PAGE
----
# Power series

1. May 7, 2006

### kezman

Find the sum of the series:
$$\sum\limits_{n = 1}^\infty {nx^n }$$ if $$\left| x \right| < 1$$

I thought maybe with the geometric form, but im not sure.

Last edited: May 7, 2006
2. May 7, 2006

### Geekster

Is it asking for a number, or just if the series converges?

3. May 7, 2006

### kezman

I think for a general solution. It should converge.

4. May 7, 2006

### verd

Is it asking you to find a power series representation??

5. May 7, 2006

### d_leet

It already is a power series... It's asking for an expression for the sum.

6. May 7, 2006

### Geekster

You might start by writing out partial sums and see if that gets you anywhere.....

7. May 7, 2006

### shmoe

How does this differ from your usual geometric series?

8. May 7, 2006

### Curious3141

Hint : Call the original series S. Write out the first five or so terms in the series. Divide the series by x to get a new series (S/x). Now take the difference between this new series and the original series (S/x - S), term by term and see what you end up with.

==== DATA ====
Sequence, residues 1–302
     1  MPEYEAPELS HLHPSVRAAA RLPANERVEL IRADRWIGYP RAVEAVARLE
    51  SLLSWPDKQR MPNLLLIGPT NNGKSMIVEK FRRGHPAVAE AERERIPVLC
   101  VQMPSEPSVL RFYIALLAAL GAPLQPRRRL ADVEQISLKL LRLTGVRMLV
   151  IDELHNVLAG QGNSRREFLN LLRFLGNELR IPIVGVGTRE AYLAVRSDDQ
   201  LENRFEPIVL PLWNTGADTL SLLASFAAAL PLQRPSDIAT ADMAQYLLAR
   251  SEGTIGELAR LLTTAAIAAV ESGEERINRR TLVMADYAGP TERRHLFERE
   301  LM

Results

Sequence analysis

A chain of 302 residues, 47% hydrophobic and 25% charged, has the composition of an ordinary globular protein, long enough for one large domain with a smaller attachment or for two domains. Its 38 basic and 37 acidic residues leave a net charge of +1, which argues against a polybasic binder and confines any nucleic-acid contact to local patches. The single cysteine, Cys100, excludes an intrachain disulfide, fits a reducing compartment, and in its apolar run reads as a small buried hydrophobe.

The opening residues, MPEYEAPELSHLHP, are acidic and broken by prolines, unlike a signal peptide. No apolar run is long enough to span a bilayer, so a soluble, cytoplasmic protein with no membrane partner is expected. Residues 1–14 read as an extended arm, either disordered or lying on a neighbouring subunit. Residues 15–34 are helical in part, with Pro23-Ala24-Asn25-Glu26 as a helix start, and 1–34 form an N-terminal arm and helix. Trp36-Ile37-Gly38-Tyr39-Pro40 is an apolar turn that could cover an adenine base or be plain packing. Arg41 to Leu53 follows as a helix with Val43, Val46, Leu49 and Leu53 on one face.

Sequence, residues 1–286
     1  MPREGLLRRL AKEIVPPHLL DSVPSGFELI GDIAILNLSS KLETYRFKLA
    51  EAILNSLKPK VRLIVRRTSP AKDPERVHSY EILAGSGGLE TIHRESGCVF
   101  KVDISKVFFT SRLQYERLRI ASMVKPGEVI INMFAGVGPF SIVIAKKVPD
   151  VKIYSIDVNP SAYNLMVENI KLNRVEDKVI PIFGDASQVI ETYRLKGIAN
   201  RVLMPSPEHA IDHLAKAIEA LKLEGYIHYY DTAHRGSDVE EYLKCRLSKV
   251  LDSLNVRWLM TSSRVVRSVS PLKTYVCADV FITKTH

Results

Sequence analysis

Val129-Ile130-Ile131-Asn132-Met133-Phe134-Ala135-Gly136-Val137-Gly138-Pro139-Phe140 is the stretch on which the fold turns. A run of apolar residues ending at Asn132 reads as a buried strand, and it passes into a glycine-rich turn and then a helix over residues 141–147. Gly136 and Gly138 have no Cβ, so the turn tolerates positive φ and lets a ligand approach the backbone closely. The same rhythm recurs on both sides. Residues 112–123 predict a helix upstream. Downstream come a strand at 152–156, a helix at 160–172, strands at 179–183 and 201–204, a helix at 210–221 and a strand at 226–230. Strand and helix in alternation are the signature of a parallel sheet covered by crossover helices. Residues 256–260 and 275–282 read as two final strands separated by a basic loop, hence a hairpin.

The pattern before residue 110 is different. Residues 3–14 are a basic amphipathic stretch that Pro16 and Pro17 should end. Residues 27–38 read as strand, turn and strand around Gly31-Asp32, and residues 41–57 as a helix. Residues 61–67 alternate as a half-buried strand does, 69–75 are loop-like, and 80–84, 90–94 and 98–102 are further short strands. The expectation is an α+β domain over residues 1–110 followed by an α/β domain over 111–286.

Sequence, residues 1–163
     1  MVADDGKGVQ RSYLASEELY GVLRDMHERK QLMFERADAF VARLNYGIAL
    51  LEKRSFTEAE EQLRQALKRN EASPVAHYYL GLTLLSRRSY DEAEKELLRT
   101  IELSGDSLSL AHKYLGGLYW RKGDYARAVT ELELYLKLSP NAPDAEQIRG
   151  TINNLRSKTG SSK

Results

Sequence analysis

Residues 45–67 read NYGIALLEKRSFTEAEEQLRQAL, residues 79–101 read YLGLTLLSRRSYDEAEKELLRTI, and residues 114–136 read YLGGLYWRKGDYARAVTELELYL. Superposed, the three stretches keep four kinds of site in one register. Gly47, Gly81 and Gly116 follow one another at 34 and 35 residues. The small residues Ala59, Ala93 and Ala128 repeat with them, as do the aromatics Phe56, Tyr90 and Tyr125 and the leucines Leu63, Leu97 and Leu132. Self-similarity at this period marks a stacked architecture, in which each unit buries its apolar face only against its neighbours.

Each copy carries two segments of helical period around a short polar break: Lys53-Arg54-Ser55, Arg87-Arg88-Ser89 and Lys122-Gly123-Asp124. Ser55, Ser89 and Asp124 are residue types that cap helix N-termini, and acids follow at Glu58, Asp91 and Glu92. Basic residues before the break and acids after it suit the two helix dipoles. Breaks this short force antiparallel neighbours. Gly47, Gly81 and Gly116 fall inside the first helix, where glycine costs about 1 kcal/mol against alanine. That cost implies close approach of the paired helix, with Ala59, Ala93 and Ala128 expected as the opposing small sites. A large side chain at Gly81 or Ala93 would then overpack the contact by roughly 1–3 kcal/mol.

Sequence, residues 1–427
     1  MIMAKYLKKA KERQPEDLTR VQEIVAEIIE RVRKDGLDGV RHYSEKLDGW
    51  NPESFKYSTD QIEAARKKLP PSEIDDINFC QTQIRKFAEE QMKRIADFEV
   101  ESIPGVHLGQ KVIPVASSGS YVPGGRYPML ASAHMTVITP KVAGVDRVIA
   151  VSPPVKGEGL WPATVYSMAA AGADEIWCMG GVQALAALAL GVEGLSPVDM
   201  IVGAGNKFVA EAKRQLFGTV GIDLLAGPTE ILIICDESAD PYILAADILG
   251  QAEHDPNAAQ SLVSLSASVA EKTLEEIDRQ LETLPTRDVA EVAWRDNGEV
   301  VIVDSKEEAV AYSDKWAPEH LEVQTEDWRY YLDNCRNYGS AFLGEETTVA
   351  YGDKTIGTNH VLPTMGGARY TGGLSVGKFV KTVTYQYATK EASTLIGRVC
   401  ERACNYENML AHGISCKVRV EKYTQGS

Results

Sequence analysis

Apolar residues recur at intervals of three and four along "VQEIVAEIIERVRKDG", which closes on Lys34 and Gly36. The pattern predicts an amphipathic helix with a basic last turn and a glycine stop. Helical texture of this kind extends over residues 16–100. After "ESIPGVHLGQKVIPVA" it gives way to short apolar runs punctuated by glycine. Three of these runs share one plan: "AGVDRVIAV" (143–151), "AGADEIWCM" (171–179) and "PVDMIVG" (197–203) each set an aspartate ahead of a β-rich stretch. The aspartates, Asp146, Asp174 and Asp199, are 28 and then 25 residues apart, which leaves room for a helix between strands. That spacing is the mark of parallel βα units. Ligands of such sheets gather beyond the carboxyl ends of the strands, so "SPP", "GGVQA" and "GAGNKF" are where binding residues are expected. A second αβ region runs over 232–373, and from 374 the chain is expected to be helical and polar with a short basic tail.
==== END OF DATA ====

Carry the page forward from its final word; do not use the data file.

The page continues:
The other way to do it is to differentiate a geometric series, but that's more complicated and unnecessary.

Last edited: May 7, 2006
9. May 8, 2006

### Pyrrhus

Last edited by a moderator: Apr 22, 2017
10. May 8, 2006

### Curious3141

Comparing series like these to derivatives of geometric series is a nice and interesting approach (I used to do this), but in most cases I've found that simply dividing or multiplying by x is an easier approach.

Last edited by a moderator: Apr 22, 2017
11. May 8, 2006

### shmoe

May as well have a third approach:

$$\sum_{n=1}^{\infty}nx^n=\sum_{n=1}^{\infty}\sum_{i=1}^{n}x^n$$

Change the order of summation (absolutely convergent series) then apply geometric series a couple of times. This is maybe the most complicated of the three, practice in rearranging summations never hurt.

Last edited: May 8, 2006
12. May 8, 2006

### kezman

thanks for all the hints.

The method I had to use is the derivative of the geometric series (similar to the one used for the maclaurin problem) using

$$\left( {\frac{1}{{1 - x}}} \right)^\prime = \sum\limits_{n = 0}^\infty {nx^{n - 1} }$$